Empathy, experts, and a dash of escapism – engaging supporters in the days of CoronavirusBy Jo Young
We’re all having to think a bit harder about how we can adapt our normal routines for the time ahead. And for many charities, that means adapting their supporter journeys, rethinking the content they use and stories they tell.
Photoshoots and film shoots are out – at least for the time being. But with a little creativity, you can do a lot, keeping your supporters engaged and entertained – and your cause relevant – when so much else is going on in their lives.
So, support your supporters…
There is a place right now for big bold calls to action – for heartfelt pleas for funds. But we need to be especially sensitive to how those calls land, and the emotional impact they have.
For some regular supporters, financial difficulties may mean they’ve had to shave off unnecessary spending. We shouldn’t make them feel guilty if a charity doesn’t make the cut.
Instead, we should reach out and offer them hope and connection. Here are a few ideas how.
Be a hub in the community
Reach out to your audiences – and make sure everyone’s doing ok. People support charities because they trust that they care – so show supporters that kindness goes beyond your specific cause.
Give them personal stories and experiences. Be candid, open – and don’t worry if your communications look a little rough around the edges. Everybody’s do right now!
Now’s also a good time to look at your product portfolio with fresh eyes. Are there any products – or content – that speak to people’s current concerns?
Remember that a lot of people have more time on their hands at the moment; perhaps that regular giving product or virtual fundraiser that didn’t quite take off last year can find a more responsive audience in the current climate.
Speaking of rough around the edges…
Now’s the time to experiment. Hold Q&As and provide video content – get your experts talking – and speak to ambassadors to see how they can creatively engage your audiences. Make it relatable. Make it present. Make it relevant.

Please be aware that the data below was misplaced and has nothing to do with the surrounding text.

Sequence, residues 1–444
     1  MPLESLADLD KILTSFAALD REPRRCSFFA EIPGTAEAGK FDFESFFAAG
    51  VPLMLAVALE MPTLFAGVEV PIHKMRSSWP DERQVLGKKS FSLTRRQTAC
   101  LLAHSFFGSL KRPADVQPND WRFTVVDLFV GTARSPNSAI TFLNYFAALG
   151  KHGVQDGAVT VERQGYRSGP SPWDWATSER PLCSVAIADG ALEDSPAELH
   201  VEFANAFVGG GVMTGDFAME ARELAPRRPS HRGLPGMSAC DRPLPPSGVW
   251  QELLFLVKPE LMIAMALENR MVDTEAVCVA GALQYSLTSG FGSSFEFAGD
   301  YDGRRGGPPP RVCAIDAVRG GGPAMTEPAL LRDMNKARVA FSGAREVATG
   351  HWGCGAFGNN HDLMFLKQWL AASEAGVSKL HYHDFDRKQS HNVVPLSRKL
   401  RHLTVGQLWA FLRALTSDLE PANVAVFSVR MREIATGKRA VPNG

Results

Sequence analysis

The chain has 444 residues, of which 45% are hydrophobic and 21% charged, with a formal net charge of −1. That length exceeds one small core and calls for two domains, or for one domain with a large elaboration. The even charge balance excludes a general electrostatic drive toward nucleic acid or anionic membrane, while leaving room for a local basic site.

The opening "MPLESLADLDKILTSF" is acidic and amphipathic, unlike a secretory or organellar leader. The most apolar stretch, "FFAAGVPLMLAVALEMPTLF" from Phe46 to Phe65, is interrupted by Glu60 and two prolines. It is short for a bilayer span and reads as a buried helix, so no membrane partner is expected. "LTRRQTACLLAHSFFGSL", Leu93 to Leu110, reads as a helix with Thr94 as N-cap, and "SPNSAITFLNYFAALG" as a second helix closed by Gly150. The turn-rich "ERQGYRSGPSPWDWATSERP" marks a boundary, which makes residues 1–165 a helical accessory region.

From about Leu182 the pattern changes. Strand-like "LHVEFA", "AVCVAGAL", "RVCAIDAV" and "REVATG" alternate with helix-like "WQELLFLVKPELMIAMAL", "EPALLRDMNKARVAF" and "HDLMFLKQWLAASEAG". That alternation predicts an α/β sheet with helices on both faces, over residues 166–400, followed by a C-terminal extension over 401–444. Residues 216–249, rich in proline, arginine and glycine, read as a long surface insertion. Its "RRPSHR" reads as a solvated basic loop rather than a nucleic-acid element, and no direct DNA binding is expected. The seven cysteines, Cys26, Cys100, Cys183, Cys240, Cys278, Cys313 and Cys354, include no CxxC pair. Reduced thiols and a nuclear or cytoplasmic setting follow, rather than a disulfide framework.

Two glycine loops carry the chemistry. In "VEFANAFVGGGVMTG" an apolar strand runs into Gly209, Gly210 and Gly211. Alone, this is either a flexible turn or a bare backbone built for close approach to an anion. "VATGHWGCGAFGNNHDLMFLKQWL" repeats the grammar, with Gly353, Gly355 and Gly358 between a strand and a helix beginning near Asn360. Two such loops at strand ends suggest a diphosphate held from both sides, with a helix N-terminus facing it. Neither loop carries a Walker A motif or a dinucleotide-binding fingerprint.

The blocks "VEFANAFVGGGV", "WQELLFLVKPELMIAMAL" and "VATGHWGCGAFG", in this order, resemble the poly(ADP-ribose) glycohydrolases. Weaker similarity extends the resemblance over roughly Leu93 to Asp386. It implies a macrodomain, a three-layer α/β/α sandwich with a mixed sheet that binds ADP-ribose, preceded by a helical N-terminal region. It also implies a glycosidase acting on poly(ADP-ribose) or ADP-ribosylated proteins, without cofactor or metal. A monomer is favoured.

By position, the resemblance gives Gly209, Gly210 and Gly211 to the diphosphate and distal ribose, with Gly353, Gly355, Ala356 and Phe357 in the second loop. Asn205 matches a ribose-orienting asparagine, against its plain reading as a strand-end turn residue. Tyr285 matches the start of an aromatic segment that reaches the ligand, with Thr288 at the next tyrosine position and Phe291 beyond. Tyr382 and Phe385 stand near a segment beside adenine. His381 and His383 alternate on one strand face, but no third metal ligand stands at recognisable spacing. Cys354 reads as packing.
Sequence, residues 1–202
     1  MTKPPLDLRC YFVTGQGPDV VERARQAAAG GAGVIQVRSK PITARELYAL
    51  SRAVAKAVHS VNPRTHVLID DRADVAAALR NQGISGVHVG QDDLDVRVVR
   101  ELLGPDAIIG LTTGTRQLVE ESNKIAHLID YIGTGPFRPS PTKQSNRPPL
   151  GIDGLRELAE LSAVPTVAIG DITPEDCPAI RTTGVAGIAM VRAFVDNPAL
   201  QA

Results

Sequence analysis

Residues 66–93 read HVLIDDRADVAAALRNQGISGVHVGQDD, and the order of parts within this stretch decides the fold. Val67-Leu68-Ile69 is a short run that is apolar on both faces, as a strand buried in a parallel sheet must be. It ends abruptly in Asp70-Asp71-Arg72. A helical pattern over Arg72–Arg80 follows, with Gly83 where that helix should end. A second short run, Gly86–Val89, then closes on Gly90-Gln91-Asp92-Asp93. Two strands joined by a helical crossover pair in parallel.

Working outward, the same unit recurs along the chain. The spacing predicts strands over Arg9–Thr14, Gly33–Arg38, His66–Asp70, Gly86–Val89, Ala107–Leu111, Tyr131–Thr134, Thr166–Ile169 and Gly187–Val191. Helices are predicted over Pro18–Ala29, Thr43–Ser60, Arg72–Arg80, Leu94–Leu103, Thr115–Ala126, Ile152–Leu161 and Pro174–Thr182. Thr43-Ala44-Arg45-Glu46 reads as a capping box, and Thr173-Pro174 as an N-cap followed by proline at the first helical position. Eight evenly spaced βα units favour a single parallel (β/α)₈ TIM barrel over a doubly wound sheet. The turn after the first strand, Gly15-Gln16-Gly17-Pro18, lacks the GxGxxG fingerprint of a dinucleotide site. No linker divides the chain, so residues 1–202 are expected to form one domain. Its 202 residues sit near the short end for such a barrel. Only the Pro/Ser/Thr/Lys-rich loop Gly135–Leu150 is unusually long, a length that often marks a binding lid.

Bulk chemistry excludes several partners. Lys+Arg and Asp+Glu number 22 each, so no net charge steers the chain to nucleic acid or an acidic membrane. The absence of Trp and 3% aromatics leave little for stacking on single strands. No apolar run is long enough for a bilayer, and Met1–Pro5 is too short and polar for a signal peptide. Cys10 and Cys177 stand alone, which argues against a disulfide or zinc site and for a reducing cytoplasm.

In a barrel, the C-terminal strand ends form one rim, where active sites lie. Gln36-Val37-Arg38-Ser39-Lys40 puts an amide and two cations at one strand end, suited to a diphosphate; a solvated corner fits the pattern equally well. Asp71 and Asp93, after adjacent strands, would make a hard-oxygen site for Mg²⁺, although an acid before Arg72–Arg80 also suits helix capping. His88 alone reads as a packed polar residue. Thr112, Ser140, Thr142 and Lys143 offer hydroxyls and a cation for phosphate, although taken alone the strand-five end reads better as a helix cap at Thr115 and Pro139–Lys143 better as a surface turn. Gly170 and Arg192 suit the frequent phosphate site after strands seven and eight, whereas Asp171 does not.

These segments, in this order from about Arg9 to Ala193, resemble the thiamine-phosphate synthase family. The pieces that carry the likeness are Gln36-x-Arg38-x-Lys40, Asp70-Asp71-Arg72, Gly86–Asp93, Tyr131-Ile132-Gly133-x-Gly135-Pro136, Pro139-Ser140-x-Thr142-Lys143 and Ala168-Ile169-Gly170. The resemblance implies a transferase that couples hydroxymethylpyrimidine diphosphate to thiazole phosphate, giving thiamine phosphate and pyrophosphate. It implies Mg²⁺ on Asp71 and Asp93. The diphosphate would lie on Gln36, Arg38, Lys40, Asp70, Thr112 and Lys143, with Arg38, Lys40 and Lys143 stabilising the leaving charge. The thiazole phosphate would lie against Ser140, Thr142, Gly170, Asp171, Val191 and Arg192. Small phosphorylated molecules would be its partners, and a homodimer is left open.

So, think about how your cause could offer relevant perspectives on things like eating well, connecting with family, exercise in the home, or looking after your mental health. Whatever your charity does, you have an expertise that can help people cope.
And if that involves experimenting with your brand, perhaps now’s the time. Commercial brands like Morrison’s and Nike have repositioned themselves to respond appropriately to the crisis – responsive charities should be looking to do the same.
Make people smile
Seriousness can be exhausting, so when your experts are finished talking, provide some escapism – and put a smile on supporters’ faces.
Find the funny stories in your archives and provide some relief in your comms – take inspiration from recent viral stories like goats running riot in Welsh villages, and animals taking over the zoo.
Finally, don’t be afraid to search even further back for inspiration. If your charity has been around for a long time, find the old ads and the black and white pictures, the funny haircuts and the fashion faux pas. There’s power in longevity, and when so much is uncertain, a window into the past can create a reassuring sense of stability.
So, reach out to your supporters. Show them that they matter and that you care about how they’re coping, irrespective of whether they can give right now. Express kindness and share your expertise.
We all have a part to play – and now more than ever, empathy is the first principle.